b. 22/01/1904 West Ham, London. d. 22/09/1940 Ilford, Essex.
DATE AND PLACE OF GC ACTION: 21-22/09/1940 Ilford, Essex.
Leonard James Miles (1904-1940) was born on 27th September 1904 in Upton Park, West Ham, East London, the son of John Roston and Elizabeth Miles (nee Jonathan). His father worked as a maker of gas meters. He had two older siblings, Roston (born in 1899) and Ris (born in 1900). Little is known of Leonard’s childhood and schooling, and there are various accounts on his working life prior to the Second World War. One source states he was the librarian of the Seaman’s Institute, whereas another stated he was a builder and contractor. By the outbreak of the war, he had married Constance Louis Bartley, and they had a son, Colin Roston in c. 1938. When the bombing began in the East End of London, Constance and Colin were evacuated to Devon, and Leonard remained behind, living in Hainault, Essex.
In early 1939, Leonard had joined the Air Raid Precautions in Ilford, Essex, and later that year found himself as Section Warden at Post 19, New North Road in Ilford. His role was to provide advice to his neighbourhood on precautions that could be taken. In wartime, he would also provide basic first aid and advise the specialist services with any help or information on their arrival.
On the evening of 21st September 1940, in Ilford, he was warned of the imminent danger of an explosion nearby. He could have taken to the public shelter only a few yards away,but instead his sense of duty forced him to run towards the scene to warn members of the public he knew to be in their houses. He had succeeded in warning some of the residents when the explosion occurred, inflicting serious injuries that would prove fatal. While lying awaiting the ambulance, he continued to instruct his colleagues to help others.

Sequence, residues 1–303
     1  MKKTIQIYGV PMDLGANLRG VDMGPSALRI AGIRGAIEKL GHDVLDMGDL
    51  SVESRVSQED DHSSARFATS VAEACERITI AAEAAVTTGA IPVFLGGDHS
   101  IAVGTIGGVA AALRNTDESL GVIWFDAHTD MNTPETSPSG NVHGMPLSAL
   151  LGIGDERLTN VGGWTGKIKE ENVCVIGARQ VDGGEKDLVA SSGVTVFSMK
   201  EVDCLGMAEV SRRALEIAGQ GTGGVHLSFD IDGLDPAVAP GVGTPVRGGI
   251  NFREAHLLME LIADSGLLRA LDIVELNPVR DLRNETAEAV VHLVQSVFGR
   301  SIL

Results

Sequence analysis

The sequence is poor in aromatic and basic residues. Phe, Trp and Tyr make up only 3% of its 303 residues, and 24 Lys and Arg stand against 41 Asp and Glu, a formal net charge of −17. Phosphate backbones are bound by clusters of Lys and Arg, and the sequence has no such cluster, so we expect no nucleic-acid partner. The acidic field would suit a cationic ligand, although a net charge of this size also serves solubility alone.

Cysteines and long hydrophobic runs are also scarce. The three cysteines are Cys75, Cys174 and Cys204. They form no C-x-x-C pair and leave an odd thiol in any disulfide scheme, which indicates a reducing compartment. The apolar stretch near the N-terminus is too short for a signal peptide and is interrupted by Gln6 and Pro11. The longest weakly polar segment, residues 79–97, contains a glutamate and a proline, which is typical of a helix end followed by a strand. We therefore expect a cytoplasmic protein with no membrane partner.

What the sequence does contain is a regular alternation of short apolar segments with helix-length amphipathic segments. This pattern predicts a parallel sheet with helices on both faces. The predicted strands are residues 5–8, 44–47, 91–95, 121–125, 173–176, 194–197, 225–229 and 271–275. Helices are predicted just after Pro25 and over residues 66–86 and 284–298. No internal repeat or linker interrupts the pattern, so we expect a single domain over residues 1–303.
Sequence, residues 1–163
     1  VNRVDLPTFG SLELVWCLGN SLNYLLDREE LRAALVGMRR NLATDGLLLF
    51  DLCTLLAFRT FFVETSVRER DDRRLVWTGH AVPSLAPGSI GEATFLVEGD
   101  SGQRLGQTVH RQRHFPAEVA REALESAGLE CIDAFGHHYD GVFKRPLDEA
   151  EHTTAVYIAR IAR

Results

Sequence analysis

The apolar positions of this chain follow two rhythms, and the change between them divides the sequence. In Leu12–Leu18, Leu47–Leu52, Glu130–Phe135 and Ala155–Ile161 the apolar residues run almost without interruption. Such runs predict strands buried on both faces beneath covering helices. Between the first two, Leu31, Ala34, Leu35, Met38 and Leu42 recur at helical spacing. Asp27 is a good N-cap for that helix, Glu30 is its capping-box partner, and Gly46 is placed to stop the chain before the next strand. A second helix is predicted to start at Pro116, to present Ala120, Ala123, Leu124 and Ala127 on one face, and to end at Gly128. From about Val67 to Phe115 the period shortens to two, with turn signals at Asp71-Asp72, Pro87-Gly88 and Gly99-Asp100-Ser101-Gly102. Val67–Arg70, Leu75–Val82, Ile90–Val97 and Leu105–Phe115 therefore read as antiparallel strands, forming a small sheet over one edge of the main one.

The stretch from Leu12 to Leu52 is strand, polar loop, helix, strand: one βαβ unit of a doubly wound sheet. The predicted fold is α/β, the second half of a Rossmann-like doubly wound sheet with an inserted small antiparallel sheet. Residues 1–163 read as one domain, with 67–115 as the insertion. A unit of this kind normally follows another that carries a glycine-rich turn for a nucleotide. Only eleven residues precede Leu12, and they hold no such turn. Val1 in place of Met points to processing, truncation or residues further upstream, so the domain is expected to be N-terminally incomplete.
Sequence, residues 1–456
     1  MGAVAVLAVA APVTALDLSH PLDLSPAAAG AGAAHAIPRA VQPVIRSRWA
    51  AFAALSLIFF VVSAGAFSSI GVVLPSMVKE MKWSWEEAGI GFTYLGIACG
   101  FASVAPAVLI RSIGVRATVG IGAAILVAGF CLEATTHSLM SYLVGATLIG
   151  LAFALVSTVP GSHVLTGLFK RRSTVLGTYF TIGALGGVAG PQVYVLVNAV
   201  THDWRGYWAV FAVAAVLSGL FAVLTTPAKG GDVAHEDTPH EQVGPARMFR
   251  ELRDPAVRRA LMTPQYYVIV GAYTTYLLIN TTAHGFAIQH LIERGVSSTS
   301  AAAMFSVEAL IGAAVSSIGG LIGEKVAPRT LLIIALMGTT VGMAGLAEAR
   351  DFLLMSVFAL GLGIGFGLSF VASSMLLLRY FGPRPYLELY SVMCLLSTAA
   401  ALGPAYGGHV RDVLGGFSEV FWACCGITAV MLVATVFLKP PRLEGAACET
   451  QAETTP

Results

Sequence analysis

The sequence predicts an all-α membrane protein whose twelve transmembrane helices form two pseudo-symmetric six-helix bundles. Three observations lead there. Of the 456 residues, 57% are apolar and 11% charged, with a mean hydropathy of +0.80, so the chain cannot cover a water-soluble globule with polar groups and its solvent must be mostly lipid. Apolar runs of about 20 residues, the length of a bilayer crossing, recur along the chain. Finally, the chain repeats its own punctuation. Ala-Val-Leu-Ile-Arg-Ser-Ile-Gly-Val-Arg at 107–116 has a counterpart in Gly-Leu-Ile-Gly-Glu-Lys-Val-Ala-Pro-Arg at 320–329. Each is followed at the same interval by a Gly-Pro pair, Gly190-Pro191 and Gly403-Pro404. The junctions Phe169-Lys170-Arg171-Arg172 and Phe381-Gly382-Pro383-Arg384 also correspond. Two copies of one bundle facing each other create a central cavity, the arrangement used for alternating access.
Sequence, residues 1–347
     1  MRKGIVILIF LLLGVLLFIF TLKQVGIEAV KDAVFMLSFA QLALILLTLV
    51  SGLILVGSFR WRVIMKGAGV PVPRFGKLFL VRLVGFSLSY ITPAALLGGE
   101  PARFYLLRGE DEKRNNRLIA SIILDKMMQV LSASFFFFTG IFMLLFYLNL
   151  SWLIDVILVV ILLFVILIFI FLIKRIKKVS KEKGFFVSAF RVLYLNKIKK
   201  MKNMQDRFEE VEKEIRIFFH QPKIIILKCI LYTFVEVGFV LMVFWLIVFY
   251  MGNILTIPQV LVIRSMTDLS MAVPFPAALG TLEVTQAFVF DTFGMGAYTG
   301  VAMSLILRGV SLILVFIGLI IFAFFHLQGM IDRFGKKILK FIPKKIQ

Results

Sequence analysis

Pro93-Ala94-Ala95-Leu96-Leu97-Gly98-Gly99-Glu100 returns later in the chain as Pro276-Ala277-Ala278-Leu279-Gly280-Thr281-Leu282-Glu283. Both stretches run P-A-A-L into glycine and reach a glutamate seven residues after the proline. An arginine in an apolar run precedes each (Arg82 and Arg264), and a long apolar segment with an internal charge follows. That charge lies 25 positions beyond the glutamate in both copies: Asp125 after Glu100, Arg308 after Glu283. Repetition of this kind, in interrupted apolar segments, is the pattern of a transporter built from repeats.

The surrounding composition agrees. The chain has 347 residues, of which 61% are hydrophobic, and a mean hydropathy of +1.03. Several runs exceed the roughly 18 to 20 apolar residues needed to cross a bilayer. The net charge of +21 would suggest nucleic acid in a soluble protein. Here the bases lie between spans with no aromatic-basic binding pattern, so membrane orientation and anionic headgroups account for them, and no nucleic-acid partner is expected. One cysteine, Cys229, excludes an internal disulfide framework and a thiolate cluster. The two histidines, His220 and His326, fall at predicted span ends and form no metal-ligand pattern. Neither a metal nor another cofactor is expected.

Sadly, he succumbed to his injuries 24 hours later in the King George Hospital, Goodmayes, Ilford. One of his colleagues, Warden Read was so moved by the incident that he submitted a report on his actions. This instigated the process of a recommendation for a posthumous award, and duly, on 17th January 1941, the London Gazette reported the award of the George Cross. Constance was presented with his GC by King George VI at Buckingham Palace on 14th October 1941. She was one of eleven widows receiving the GC that day.
Leonard was cremated at the City of London Cemetery and Crematorium and his ashes scattered. There is no memorial there to him, though he is remembered in the Book of Remembrance in Redbridge Central Library, and at the National Memorial Arboretum in Staffordshire. His GC is held by the Worshipful Company of Skinners, though he was not a member himself. The connection is through his son Colin, grandson Thomas and great granddaughter Katie would have all been members of the Company.
LOCATION OF MEDAL: WORSHIPFUL COMPANY OF SKINNERS.
BURIAL PLACE: CITY OF LONDON CREMATORIUM, MANOR PARK.